Today we bring you a graduate thesis project by Ivan Bernal of SCIArch. Familiar Primitive makes and argument for reverting to “primitive” imagery and geometry to generate formal and programmatic relationships in architecture. It is interesting to see a proposal that embraces its context in an urban ruin; We’re getting pretty tired of seeing proposals for “modern” architecture as having pristine, shiny surfaces that apparently never get dirty or crack.
“Familiar Primitives. This thesis uses familiar primitives and operations among them to generate complex spatial systems that retain a high level of formal legibility and clarity. Throughout history primitives have been used as an expression of monumentality, religiousness or even utopian dreams. They carry an intrinsic value and formal expectancy that can be used to capture its users. Since childhood we have been playing with this basic shapes creating a predisposition to them, we have experienced them, and we know what to expect.
In contemporary architecture and with the use of digital tools, spatial configuration has advanced to a degree in which the audience outside the architectural field can no longer recognize it. By bringing back primitives, we can introduce a level of recognition to which most people can relate to, and establish the foundation for the excessive formalism that can be achieved with contemporary techniques. With the use of specific tools, primitives could offer the first step for this system; which can then evolve with its own complexity, retaining it’s familiarity to a broader audience. It is this legibility what this thesis wants to use to generate a system that can be traced back to its primal shapes, retaining a level of intimacy and expectancy to be understood at its core.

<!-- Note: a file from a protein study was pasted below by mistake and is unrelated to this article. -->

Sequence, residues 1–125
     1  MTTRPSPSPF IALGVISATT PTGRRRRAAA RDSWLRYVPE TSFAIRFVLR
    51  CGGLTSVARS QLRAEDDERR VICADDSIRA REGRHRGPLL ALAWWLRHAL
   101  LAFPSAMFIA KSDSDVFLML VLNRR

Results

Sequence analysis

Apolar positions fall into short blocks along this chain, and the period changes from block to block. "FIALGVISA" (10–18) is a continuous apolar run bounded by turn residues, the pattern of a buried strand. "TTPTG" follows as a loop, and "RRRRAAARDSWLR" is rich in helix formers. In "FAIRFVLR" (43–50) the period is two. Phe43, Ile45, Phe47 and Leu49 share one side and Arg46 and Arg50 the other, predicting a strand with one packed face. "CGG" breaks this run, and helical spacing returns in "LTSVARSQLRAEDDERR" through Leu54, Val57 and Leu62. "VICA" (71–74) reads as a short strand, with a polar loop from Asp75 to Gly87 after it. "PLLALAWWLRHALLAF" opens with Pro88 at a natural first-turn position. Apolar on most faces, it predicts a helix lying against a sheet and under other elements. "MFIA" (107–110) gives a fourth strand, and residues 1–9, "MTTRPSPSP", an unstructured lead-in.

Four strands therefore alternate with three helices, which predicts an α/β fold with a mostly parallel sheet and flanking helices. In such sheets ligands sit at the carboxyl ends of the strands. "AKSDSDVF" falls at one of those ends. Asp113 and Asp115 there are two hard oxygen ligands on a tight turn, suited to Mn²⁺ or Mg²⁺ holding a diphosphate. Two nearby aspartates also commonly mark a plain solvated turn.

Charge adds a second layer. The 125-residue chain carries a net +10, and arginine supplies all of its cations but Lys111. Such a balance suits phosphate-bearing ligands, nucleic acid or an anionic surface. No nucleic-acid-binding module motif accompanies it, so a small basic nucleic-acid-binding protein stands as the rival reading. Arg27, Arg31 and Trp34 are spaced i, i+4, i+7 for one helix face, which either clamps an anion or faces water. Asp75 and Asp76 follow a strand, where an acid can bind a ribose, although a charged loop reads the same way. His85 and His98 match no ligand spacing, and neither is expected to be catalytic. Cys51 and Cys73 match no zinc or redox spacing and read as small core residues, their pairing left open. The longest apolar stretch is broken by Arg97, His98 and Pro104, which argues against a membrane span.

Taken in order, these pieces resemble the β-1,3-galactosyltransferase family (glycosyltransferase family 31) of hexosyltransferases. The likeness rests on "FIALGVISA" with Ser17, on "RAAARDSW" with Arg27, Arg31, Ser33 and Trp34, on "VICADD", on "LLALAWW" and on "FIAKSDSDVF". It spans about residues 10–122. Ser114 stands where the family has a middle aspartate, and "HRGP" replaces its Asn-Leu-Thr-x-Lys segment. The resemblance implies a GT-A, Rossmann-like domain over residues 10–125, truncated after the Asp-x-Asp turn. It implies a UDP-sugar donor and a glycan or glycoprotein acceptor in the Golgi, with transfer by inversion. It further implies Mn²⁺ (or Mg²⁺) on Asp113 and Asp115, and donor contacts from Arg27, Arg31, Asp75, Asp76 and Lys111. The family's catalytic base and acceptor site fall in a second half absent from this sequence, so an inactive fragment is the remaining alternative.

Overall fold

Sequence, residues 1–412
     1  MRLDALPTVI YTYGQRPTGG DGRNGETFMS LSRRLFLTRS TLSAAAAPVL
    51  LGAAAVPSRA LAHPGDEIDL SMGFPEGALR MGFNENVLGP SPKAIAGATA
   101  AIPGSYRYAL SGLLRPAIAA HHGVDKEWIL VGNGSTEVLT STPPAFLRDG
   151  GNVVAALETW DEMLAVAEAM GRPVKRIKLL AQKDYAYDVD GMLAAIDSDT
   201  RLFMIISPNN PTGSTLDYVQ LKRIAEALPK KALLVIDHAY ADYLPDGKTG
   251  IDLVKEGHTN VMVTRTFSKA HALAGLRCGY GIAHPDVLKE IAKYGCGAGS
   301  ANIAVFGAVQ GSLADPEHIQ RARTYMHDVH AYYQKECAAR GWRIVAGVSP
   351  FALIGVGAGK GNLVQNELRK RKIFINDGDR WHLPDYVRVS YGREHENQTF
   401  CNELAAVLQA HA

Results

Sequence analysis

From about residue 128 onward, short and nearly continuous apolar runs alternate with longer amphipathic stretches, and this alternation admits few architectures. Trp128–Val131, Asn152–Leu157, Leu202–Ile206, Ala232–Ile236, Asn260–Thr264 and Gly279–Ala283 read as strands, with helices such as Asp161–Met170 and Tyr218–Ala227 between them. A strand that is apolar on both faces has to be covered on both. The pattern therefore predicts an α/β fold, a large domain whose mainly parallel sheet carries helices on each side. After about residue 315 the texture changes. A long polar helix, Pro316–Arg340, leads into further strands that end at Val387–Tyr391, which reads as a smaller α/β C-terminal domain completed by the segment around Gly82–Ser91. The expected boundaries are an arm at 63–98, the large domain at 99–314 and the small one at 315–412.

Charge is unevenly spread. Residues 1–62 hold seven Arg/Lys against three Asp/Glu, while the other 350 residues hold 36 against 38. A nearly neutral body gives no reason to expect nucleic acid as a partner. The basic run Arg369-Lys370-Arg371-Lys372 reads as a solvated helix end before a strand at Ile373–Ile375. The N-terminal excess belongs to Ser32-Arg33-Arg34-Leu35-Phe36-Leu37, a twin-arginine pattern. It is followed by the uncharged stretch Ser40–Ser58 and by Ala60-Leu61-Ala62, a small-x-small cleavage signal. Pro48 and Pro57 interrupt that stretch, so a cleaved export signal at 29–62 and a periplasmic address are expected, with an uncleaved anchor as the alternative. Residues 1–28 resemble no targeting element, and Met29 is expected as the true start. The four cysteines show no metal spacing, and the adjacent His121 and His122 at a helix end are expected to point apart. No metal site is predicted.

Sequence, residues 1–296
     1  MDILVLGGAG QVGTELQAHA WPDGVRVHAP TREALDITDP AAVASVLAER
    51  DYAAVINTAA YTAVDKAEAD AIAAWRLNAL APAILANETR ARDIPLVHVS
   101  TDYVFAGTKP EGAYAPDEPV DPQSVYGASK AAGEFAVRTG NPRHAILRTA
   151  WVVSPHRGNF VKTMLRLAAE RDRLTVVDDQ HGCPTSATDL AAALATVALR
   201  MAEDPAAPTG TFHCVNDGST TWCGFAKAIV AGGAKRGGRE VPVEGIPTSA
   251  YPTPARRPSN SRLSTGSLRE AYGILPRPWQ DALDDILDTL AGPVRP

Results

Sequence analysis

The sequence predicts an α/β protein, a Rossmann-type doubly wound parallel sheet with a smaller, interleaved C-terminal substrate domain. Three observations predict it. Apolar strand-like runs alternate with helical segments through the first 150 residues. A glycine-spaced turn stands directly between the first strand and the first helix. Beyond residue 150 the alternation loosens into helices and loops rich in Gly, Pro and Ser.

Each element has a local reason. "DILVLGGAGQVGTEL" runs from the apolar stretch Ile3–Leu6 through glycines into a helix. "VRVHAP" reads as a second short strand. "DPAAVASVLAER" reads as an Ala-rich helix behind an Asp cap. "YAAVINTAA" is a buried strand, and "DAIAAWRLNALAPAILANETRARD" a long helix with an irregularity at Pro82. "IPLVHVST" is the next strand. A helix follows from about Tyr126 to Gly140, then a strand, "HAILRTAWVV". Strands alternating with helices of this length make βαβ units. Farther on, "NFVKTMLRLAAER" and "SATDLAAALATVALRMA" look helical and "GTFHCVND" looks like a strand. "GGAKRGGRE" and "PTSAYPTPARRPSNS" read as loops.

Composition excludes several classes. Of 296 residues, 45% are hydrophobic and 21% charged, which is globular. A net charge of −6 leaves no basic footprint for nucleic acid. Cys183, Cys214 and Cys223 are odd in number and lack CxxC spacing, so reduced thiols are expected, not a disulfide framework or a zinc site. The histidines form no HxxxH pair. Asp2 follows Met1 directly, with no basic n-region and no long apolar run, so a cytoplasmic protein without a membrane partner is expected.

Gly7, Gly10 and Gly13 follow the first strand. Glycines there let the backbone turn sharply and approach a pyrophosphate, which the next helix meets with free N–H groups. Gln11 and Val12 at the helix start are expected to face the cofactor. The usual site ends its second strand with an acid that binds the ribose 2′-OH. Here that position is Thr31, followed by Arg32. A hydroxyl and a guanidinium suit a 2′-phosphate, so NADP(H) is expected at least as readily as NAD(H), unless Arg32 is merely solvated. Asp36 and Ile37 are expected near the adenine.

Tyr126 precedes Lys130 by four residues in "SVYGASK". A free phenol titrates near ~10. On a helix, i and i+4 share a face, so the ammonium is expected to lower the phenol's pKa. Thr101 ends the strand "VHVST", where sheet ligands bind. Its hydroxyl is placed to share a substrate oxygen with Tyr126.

“Buildings become a stage moving forward and backward in time”. “It assumes the world can change, can become something is not” — Moss, The Havana Project
The project: Cuba has been a country in constant search of its own identity since they first became a Spanish colony. In this search they found their identity in music through a mixture of american, african and french influences, in religion, they found it by merging the catholic church and african beliefs, and in art and in literature they where able to express their own ideas and positions,…but not in architecture. The architecture of the country has seen many styles from colonial to modern to regionalism , but none of them really express their unique culture, their struggles and views. In the early 1960’s before the Soviet Union was fully established in Cuba, the government commissioned a design and construction campaign in search for their own architectural character, resulting in the art schools and isolated houses which were then forgotten as they did not fit the later views of the government.
This project reexamines the issue of identity as it questions and searches for its own character, for its place,its context……El Malecon.
If the current state of the city is not perceived as old, how to make it new? The city is decaying, it is deteriorating and collapsing, it wears it’s scars. This idea is what gave rise to a project which embraces its condition, it searches to relate to what people in Havana are familiar with and understand as architecture, to move back and forth between the old, the decayed and the new. The primal, the familiar and the shapes they can relate to.”
– Ivan Bernal